ICYMI: We check out Lenovo’s lightest ThinkPad yet

All products recommended by Engadget are selected by our editorial team independently of our parent company. Some of our stories contain affiliate links. If you buy something through one of these links, we may receive an affiliate commission.

This week we spent some time reviewing the Lenovo Thinkpad X1 Nano – the company’s thinnest and lightest ThinkPad at less than two pounds. As usual, losing weight comes with some tradeoffs, and Cherlynn Low tells us where the X1 Nano might let you down. We also played around with the Poly Effects Beebo, an ambitious virtual modular synthesizer shaped like a guitar pedal that Terrence O’Brien says is no more difficult to use than a smartphone. And Nicole Lee let the Amazon Echo Show 10’s rotating display follow her around her kitchen to see if this new (and somewhat creepy) feature is worth $ 250.

Cherlynn Low / Engadget

Lenovo’s Thinkpad line is known for reliable performance, great keyboards, and long-lasting batteries. The company’s new X1 Nano, which has an updated design and improved display, is notable for its weight of less than two pounds and being one of the first laptops to achieve Intel Evo certification. Cherlynn Low took a lot of pleasure in the $ 1,399 laptop, namely the 2.1GHz 11th-generation Intel Core i7 processor, 16GB of RAM, the physical webcam shutter, and the 16:10 display

The X1 Nano is almost identical to the X1 Carbon and, like all Thinkpad laptops, meets the military specifications (MIL-STD-810H), which makes it quite durable. The display is a 2K panel that supports Dolby Vision and achieves a brightness of 450 nits, but does not offer any touchscreen functions. It also has Dolby Atmos speakers, which Cherlynn found surprisingly loud, and four 360-degree microphones that are designed to improve audio quality during video conferencing. In this case, however, the compromise for a light and thin laptop is battery life: Cherlynn was only able to get around 9 hours out of this machine.

Poly Effects Beebo

Terrence O’Brien / Engadget

Poly Effects actually released the Beebo earlier this year, but the company recently merged the firmware with its other modular pedal, the Digit. According to Terrence O’Brien, this created a superpedal that is basically a virtual modular synthesizer in a guitar pedal format. The Beebo has a 5-inch touchscreen that makes it smaller, and Terrence said if you can use a smartphone, you can probably figure that device out.

When testing it, Terrence said it was a versatile and complex touchscreen guitar pedal that was easy to navigate with a bright user interface and small, attractive icons. However, he found that some of the modules were a bit inconsistent and most often he used the Amp Sim, Cab Sim, and Convolution Reverb modules. The only blatant hole in the lineup is the lack of a gripper. That being said, he found joy in experimenting with the Beebo and, despite its flaws, found it to be a completely unique and powerful piece of gear.

Amazon’s 3rd generation Echo Show 10 moves with you

Amazon Echo Show 10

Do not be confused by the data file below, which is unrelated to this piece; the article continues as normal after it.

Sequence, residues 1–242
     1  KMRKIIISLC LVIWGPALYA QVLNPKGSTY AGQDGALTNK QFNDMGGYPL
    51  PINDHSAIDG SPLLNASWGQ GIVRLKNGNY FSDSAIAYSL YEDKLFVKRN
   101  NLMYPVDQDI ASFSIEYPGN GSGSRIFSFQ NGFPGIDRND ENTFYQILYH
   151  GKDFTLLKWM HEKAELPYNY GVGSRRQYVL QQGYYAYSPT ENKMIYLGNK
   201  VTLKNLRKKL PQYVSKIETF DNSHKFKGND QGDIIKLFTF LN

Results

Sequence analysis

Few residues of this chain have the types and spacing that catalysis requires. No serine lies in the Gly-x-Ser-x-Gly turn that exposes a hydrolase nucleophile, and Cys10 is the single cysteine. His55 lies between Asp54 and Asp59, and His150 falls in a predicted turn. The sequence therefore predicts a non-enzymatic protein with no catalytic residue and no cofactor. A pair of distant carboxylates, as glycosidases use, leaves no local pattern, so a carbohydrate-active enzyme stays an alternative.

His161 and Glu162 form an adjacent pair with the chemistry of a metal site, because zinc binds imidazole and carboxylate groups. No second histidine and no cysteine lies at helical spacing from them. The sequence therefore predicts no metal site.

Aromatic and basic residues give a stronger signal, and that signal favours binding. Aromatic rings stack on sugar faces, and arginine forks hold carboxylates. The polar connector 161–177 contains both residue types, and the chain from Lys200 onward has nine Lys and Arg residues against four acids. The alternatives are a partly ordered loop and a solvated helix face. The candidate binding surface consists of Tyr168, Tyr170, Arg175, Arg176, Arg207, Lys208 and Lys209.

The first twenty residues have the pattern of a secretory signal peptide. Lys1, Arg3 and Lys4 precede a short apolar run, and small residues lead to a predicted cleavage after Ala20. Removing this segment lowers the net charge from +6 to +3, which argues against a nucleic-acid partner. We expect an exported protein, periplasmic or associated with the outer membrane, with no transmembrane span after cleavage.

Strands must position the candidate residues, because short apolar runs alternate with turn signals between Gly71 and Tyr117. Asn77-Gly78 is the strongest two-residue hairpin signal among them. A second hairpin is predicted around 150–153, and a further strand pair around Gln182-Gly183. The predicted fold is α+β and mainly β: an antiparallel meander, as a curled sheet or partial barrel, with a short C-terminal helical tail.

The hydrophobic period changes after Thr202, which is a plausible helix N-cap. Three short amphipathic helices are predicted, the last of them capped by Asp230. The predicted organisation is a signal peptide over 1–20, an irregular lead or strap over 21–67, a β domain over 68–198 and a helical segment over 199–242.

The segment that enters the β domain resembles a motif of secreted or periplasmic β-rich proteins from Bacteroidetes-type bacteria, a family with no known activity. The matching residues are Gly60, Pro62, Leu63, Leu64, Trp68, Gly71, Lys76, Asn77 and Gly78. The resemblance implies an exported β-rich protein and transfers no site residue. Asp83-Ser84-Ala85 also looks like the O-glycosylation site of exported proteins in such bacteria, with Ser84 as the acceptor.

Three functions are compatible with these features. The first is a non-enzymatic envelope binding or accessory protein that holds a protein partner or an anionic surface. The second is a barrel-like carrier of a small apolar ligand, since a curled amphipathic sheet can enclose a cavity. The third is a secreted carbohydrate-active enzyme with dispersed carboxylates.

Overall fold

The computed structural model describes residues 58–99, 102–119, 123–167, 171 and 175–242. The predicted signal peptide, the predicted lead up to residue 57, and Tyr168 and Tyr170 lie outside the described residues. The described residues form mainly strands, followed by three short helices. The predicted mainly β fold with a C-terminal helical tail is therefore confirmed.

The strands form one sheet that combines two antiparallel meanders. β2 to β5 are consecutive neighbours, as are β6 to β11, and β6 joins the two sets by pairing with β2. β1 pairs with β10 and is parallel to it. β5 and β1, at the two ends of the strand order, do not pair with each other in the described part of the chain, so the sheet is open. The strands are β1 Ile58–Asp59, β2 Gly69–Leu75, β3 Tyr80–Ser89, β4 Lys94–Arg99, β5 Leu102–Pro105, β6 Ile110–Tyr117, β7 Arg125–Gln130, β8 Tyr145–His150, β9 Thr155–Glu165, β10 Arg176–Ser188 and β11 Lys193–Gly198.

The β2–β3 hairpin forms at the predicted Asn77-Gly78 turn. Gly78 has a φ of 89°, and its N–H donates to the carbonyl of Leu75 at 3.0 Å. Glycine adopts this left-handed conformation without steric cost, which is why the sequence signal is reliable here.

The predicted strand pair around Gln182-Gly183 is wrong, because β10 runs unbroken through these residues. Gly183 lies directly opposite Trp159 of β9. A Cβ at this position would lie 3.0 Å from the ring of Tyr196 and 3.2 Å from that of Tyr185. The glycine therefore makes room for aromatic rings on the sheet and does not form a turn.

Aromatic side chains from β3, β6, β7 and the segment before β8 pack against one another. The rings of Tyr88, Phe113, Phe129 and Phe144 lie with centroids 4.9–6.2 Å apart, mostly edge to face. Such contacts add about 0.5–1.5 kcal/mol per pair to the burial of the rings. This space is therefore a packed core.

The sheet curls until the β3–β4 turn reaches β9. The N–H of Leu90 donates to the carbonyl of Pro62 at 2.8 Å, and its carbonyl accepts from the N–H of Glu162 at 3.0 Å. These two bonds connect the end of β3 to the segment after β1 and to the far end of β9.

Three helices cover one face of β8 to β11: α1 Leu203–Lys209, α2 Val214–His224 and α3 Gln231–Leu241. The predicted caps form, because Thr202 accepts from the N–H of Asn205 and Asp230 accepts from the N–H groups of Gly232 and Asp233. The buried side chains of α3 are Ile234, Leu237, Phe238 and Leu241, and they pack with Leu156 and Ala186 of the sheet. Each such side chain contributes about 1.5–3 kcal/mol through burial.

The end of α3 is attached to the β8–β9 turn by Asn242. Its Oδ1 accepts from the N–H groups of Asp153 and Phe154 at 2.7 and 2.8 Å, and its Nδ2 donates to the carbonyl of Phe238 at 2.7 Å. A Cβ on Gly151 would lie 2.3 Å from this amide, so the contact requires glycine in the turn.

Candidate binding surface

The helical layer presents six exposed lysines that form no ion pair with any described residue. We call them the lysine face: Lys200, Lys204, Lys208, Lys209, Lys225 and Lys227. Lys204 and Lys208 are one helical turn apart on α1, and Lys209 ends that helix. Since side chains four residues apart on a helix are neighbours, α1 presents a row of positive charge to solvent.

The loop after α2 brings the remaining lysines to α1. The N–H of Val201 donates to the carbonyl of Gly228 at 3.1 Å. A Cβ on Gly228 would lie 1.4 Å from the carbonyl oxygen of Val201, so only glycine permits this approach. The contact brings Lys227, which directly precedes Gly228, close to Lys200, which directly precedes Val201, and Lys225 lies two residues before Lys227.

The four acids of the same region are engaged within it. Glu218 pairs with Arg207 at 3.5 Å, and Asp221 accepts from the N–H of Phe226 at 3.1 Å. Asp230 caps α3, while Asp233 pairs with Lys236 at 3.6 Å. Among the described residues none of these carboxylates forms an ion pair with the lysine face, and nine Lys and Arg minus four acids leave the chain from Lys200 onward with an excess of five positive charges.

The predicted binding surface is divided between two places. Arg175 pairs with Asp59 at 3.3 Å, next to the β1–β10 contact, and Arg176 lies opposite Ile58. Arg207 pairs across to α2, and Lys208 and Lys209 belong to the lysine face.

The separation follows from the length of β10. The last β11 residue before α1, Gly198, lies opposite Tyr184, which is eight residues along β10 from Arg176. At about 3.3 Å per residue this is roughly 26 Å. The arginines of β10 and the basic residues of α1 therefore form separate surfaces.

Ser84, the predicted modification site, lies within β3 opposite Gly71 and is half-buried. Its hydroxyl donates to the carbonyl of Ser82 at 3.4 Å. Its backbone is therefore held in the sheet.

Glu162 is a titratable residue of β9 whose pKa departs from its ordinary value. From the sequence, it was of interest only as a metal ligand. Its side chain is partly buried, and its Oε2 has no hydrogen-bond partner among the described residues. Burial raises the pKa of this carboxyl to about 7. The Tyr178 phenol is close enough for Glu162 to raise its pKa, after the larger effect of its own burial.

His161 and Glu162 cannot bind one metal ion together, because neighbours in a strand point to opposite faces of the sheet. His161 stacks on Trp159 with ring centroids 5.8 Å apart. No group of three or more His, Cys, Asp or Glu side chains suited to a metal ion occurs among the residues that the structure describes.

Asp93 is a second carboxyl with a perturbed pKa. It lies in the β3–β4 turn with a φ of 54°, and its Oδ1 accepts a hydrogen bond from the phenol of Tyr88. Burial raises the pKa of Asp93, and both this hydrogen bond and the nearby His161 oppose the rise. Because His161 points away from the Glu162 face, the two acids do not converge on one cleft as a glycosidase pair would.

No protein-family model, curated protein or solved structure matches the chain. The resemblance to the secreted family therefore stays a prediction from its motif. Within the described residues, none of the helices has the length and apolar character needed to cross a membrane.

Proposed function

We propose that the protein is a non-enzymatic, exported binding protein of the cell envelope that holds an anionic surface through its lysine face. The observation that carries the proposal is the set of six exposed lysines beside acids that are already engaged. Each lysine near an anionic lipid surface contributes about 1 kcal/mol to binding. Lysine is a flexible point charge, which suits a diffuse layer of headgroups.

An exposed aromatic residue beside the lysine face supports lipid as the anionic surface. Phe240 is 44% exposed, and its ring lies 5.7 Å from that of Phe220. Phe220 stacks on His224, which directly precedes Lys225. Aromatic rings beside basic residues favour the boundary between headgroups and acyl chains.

Nicole Lee / Engadget

Nicole Lee admits she was skeptical of the new Amazon Echo Show 10. The device differs from previous models in that a display is mounted on a pivoting base so that users can rotate and follow them so that the screen is always visible. At $ 250, it’s expensive too, which makes it more of an investment than the $ 130 Echo Show 8. However, after Nicole tested it in her kitchen, she found the pan feature more useful than she’d thought (if also a bit scary at first)).

The Echo Show 10 has a 6.7-inch base and 9.9-inch display, which means it takes up a lot of space – and it also needs space to pivot. Nicole said she thinks it is best to watch videos because you will never miss an important moment with the screen always in view. She often used it to follow recipe instructions as she could keep an eye on things while moving around the kitchen fetching ingredients or washing her hands. The Echo Show 10 was smart enough to keep her and her husband in frame and focus on them again when he got out of the frame. In practice, however, the pan and zoom functions were sometimes inconsistent and as an Amazon device, some Google apps such as YouTube and Nest cameras lack functionality.

MSI GS66 Stealth

Devindra Hardawar / Engadget

Externally, the MSI GS66 Stealth doesn’t look much different than the previous year’s model. It still has the same sleek and sturdy aluminum frame, weighs 4.6 pounds, a solid range of ports, a backlit LED keyboard, and a large trackpad. However, it now includes NVIDIA’s new RTX 30 series GPUs and a 2K screen. This makes it one of the first gaming notebooks with such a panel. That middle ground between a 1080p and 4K display delivers a sharp picture, and the updated GPU offers a fast refresh rate that makes for smoother gameplay.

Devindra Hardawar took the new model for a spin and was delighted with the results of his battery tests, an area where many gaming laptops stall. The GS66 Stealth lasted 8 hours and 25 minutes during our benchmark test, an hour more than last year. It’s not exactly every gamer’s dream machine, however: they found the keyboard a little mushy while typing, and the 1440p resolution isn’t the best for streaming video. Like most gaming laptops, the GS66 Stealth gets quite warm at the bottom. By far the biggest downside, however, are the fans, which were loud enough for Devindra to recommend using a headset while the machine was reaching its limits.

Leave a Comment